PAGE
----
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My problem is that I'm apparently using too many tasks (threads?) that call a method that queries a SQL Server 2008 database. Here is the code:

for(int i = 0; i < 100000 ; i++)
{  
  Task.Factory.StartNew(() => MethodThatQueriesDataBase()).ContinueWith(t=>OtherMethod(t));  
}

After a while I get a SQL timeout exception. I want keep the actual number of threads low(er) than 100000 to a buffer of say "no more than 10 at a time". I know I can manage my own threads using the ThreadPool, but I want to be able to use the beauty of TPL with the ContinueWith.

I looked at the Task.Factory.Scheduler.MaximumConcurrencyLevel but it has no setter.

How do I do that?

Thanks in advance!

UPDATE 1
I just tested the LimitedConcurrencyLevelTaskScheduler class (pointed out by Skeet) and still doing the same thing (SQL Timeout).
BTW, this database receives more than 800000 events per day and has never had crashes or timeouts from those. It sounds kinda weird that this will.

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1  
800,000 events over a 24 time period is a LOT fewer than 100,000 simultaneously. Even if that was just over 8 hours, it only comes out to 28 queries a second... –  Chris Lively Mar 29 '11 at 17:24

3 Answers 3

up vote 3 down vote accepted

You could create a TaskScheduler with a limited degree of concurrency, as explained here, then create a TaskFactory from that, and use that factory to start the tasks instead of Task.Factory.

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I was just reading that article :P. Have you used that same implementation (aka. is it good?). I really don't want to read through the implementation now. –  Michel Triana Mar 29 '11 at 17:07
    
Bah, Skeeted again (was about to link to that very article) –  Davy8 Mar 29 '11 at 17:09
    
Guys, I just tested the LimitedConcurrencyLevelTaskScheduler class and still doing the same thing (SQL Timeout). BTW, this database receives more than 800000 events per day and has never crashed or timeout from those. It sounds kinda weird that this will. –  Michel Triana Mar 29 '11 at 17:18
    
@Michel: Are you definitely closing your database connections properly? How big is your connection pool compared with the number of tasks you're using? –  Jon Skeet Mar 29 '11 at 17:20
    
@Jon: My connection pool is 20 and I had set the concurrency level to 10. This made me look a bit more into a particular sproc that was a bit slow (~0.5 s). Let's see how it does now. I'll post the progress in a bit. Thanks! –  Michel Triana Mar 29 '11 at 17:40

I suspect there is something wrong with the way you're handling DB connections. Web servers could have thousands of concurrent page requests running all in various stages of SQL activity. I'm betting that attempts to reduce the concurrent task count is really masking a different problem.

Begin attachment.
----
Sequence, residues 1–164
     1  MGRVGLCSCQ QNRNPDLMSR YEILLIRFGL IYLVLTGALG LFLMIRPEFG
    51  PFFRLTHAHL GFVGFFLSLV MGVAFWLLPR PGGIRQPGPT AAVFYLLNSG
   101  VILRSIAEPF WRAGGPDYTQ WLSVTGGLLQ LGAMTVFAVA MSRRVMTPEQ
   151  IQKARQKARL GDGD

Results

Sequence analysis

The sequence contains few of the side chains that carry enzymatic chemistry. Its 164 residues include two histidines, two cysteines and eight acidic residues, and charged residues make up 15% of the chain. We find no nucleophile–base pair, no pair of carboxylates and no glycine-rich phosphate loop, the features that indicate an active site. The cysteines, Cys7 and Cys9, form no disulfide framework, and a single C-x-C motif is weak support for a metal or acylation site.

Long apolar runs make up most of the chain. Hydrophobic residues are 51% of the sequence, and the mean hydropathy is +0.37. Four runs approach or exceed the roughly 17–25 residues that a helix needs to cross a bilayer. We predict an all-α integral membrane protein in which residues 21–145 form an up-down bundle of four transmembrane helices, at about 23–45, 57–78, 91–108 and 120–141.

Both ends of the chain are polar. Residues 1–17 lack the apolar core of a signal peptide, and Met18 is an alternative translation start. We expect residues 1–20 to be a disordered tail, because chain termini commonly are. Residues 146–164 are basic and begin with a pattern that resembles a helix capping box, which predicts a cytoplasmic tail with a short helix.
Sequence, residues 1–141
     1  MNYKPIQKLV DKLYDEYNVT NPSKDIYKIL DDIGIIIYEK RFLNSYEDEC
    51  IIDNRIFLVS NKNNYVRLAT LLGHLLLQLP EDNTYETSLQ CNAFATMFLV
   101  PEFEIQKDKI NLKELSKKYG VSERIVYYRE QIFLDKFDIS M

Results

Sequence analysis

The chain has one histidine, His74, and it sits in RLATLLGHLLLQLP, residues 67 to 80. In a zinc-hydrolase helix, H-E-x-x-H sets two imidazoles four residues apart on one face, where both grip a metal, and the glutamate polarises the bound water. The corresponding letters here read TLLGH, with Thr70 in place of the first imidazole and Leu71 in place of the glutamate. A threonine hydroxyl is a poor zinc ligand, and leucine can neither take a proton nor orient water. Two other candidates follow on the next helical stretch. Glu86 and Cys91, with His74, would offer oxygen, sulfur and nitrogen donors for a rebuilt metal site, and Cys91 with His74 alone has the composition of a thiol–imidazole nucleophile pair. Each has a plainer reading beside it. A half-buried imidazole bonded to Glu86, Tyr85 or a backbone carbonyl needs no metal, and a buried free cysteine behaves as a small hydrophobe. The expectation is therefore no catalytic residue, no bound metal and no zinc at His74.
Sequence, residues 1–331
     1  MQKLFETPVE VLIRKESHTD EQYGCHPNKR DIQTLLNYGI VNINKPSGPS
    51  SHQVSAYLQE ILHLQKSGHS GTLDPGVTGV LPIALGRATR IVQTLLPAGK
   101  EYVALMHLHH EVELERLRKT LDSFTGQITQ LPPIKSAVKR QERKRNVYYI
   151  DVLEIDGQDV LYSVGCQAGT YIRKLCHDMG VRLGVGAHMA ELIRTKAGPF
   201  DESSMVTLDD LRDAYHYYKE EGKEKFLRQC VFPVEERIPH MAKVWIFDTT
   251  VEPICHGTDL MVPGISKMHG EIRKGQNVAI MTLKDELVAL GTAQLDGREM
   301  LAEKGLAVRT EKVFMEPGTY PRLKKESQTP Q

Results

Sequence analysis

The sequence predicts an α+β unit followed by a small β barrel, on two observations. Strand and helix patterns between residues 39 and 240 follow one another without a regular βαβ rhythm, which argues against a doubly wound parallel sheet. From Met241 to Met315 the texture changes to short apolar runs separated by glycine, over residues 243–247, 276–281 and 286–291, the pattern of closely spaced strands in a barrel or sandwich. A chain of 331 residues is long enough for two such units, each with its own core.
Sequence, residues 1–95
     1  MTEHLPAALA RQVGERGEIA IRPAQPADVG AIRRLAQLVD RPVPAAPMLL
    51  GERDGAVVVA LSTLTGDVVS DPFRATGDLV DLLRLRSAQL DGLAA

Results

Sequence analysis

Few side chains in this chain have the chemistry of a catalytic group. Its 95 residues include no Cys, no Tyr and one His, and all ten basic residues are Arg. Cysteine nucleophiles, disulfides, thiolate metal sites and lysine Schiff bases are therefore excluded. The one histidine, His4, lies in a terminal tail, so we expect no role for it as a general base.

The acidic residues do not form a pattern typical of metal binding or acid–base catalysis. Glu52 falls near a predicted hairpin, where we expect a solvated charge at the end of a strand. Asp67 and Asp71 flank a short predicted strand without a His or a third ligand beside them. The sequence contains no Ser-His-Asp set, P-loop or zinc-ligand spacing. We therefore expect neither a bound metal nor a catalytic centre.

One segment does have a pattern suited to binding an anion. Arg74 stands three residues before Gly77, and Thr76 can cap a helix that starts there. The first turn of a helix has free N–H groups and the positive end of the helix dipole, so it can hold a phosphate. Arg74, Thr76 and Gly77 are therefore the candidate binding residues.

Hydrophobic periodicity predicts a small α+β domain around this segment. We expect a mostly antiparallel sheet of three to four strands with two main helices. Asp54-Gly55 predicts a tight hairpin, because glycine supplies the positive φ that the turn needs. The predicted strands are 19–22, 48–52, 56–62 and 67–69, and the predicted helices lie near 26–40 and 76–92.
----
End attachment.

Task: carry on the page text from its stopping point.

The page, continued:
Can you profile the SQL connections? Check out perfmon to see how many active connections there are. See if you can grab-use-release connections as quickly as possible.

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Tasks are not 1:1 with threads - tasks are assigned threads for execution out of a pool of threads, and the pool of threads is normally kept fairly small (number of threads == number of CPU cores) unless a task/thread is blocked waiting for a long-running synchronous result - such as perhaps a synchronous network call or file I/O.

So spinning up 10,000 tasks should not result in the production of 10,000 actual threads. However, if every one of those tasks immediately dives into a blocking call, then you may wind up with more threads, but it still shouldn't be 10,000.

What may be happening here is you are overwhelming the SQL db with too many requests all at once. Even if the system only sets up a handful of threads for your thousands of tasks, a handful of threads can still cause a pileup if the destination of the call is single-threaded. If every task makes a call into the SQL db, and the SQL db interface or the db itself coordinates multithreaded requests through a single thread lock, then all the concurrent calls will pile up waiting for the thread lock to get into the SQL db for execution. There is no guarantee of which threads will be released to call into the SQL db next, so you could easily end up with one "unlucky" thread that starts waiting for access to the SQL db early but doesn't get into the SQL db call before the blocking wait times out.

It's also possible that the SQL back-end is multithreaded, but limits the number of concurrent operations due to licensing level. That is, a SQL demo engine only allows 2 concurrent requests but the fully licensed engine supports dozens of concurrent requests.

Either way, you need to do something to reduce your concurrency to more reasonable levels. Jon Skeet's suggestion of using a TaskScheduler to limit the concurrency sounds like a good place to start.

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